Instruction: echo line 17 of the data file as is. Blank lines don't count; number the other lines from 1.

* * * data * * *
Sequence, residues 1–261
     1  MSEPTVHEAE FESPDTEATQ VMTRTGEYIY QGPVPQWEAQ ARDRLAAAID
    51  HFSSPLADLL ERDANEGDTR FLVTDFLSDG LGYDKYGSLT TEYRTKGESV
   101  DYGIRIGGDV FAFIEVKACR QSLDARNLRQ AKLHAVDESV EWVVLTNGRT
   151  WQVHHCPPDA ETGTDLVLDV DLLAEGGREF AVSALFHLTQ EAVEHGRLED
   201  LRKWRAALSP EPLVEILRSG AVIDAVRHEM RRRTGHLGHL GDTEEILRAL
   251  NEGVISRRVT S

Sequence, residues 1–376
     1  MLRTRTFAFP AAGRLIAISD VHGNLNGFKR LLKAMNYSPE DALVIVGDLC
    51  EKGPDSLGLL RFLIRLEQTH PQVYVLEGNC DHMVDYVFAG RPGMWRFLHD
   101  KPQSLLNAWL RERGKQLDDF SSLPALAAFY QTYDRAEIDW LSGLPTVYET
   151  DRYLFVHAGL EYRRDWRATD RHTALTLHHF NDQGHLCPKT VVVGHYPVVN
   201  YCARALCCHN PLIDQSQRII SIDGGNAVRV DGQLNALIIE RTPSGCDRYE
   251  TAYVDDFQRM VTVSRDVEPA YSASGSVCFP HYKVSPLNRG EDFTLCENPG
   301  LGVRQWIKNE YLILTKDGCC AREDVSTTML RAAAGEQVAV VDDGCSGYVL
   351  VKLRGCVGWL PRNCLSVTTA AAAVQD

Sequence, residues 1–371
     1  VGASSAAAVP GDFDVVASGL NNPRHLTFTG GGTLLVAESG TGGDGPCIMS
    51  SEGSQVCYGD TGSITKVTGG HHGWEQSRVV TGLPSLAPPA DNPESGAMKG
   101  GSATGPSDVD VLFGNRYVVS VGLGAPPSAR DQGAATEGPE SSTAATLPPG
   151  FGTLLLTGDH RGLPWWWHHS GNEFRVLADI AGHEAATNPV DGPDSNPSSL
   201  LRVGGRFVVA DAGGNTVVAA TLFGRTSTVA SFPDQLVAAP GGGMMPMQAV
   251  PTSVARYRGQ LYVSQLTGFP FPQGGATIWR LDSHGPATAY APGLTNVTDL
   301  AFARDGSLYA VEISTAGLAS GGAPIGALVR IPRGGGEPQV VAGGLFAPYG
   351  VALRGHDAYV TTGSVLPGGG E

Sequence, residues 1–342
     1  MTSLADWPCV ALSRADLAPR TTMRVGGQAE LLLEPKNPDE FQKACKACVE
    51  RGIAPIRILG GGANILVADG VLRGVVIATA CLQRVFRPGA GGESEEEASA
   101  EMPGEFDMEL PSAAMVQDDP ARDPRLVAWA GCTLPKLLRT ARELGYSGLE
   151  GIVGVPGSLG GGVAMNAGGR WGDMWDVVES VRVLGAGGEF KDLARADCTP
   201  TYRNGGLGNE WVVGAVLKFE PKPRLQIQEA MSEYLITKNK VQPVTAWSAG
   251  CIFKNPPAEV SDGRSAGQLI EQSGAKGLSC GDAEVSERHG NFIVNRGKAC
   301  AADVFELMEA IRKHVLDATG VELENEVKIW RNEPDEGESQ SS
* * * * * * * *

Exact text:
Sequence, residues 1–371